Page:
“The dude is a monster. That’s what I think. Not only is he humongous, (but) he’s extremely experienced. That’s what makes him the most dangerous. Not just the size, but he has so much experience in MMA and in kickboxing, and he’s a Dutch trained kickboxer. I was in Amsterdam for five years. I know what the Dutch train like out there. The dude is a monster. I don’t know how anyone is going to stop him any time soon… He doesn’t seem to get tired. All he needs to do is hit you one time. He’s fast, he’s athletic, and he’s strong as hell. He’s everything you need all in one body.”
I wouldn’t say Alistair Overeem is unstoppable yet, but he looks to be about the closest thing to it in Strikeforce these days. As impressive as he’s looked in recent years though, he still hasn’t fought a top-tier heavyweight. It’s one thing to crush the Brett Rogers’ and Todd Duffee’s of the world and quite another to take out the likes of Fabricio Werdum and Fedor Emelianenko. He may be bigger and stronger but what happens if Werdum catches him a triangle or Fedor blasts him with an overhand right?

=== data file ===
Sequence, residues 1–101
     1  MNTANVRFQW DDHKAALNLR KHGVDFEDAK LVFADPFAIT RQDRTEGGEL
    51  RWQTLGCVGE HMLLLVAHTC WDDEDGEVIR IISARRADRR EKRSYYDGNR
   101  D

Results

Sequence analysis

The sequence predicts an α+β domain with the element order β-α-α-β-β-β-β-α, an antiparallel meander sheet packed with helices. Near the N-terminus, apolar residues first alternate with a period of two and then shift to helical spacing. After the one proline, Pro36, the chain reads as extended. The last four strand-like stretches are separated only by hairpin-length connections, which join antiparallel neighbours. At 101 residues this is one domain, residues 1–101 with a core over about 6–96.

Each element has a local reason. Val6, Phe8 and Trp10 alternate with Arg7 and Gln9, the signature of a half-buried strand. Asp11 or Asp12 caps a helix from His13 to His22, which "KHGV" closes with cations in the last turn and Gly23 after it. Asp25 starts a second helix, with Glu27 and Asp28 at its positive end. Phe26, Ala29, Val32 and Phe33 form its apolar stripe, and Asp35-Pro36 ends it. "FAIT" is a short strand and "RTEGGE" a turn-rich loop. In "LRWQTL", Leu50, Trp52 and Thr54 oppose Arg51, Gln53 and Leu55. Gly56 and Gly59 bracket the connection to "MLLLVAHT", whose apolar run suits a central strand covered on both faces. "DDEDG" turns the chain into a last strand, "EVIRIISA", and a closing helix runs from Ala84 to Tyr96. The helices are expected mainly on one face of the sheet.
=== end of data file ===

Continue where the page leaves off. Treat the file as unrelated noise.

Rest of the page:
Speaking of that nasty tournament bracket he’s in, Overeem doesn’t understand why Strikeforce set it up that way either.
“All the fighters in that tournament are good, so there are no easy fights,” he said. “I’m a little surprised about it, and I don’t know why this bracket is designed this way, but my job is to fight. I’m not picking opponents, so if that’s the way they made the bracket, so be it.”
“I can show the American fans that I’m the No. 1 fighter of Strikeforce,” he said. “Entering such a tournament is not only great for the MMA fans but also a great way to prove that I’m the best fighter in the world.”
Overeem’s right, he still has something to prove, but if he can run the table like he says he will, then I’d say he’s earned the “unstoppable” tag.